IN the wake of the verbal attack on highly respected Hong Kong Jockey Club boss Winfried Englebret-Bresges on TVN by outspoken Richard Callander, the racing media is waiting to see if the ‘big fellow’ lines up for the annual junket during International week in December.

Commenting on the speculation, one racing media columnist out of Hong Kong wrote:

‘Richie Callander saw fit to criticize the good name of EB recently in Oz and made a right knob of himself. He just might be singing ‘The Last Waltz’ to himself, like Engelbert Humperdinck on anti-depressants. More on this later!

‘We wonder if Callander The Younger will be in Hong Kong for the International Races with his begging bowl and freebie trip and if he’ll be tongue-tied when meeting the man whose name he cannot pronounce?

‘Oh – and also meeting (top jockey) Brett Prebble who he ‘exclusively’ reported would be leaving Hong Kong this season?’ (He’s still there and showing no signs of departing.)


MANY trainers have been surprised by the response from RQ Chairman of Stewards Wade Birch after a question concerning the use of blindfolds (on horses, not stewards Perry Mason).

Birch has advised that blindfolds are permitted in Queensland but only if expressly approved by the stewards.

The Chief Steward has recalled two incidents that could have been ‘quite nasty.’ One horse sustained a fractured skull after escaping from barrier attendants while blindfolded and cannoning into the outside fence at Doomben.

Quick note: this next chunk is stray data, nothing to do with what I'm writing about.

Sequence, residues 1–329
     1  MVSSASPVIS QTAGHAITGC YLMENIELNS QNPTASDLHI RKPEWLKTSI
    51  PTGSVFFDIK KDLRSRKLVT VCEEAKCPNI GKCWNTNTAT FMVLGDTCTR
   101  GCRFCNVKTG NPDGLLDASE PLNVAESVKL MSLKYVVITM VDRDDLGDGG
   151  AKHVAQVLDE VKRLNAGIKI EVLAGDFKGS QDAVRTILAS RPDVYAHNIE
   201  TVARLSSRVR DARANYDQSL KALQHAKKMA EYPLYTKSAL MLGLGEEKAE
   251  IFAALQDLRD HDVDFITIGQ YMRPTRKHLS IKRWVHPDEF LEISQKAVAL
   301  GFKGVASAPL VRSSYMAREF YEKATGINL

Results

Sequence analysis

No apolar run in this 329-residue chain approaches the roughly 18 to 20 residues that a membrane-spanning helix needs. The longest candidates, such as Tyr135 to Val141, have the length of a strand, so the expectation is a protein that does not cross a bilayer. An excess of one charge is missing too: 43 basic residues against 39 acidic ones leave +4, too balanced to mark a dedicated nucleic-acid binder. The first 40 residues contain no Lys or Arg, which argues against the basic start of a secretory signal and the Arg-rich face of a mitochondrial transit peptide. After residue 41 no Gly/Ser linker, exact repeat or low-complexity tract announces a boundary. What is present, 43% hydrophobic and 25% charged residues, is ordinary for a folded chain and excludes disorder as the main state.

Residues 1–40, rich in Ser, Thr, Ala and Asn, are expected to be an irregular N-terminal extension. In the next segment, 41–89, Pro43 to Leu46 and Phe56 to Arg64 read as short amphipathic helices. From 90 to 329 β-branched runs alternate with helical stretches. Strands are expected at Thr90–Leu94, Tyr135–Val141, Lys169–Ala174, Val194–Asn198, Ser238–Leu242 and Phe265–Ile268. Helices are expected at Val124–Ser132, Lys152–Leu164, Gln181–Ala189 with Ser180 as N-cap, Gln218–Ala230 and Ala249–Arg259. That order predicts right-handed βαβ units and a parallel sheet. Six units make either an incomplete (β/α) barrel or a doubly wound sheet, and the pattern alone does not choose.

Blindfolds are not permitted to be used to have a horse passed at the barriers for the first time.

So contrary to widespread opinion, blindfolds are not banned.


ANOTHER drama on the Downs with the Toowoomba Turf Club circularizing members advising that ‘a discrepancy with liquor supplies’ has been placed in the hands of the police.

It turns out there has been widespread circulation doing the rounds about what happened to major supplies of alcohol that the club once had that have suddenly diminished.

TTC chairman Bob Frappell has told members that in the interests of transparency his Board has asked police to investigate ‘the case of the missing booze.’


DISHARMONY is growing within the racing industry in Queensland over the reported lack-lustre response that stake-holders are receiving in approaches to the Racing Minister and the Office of Racing.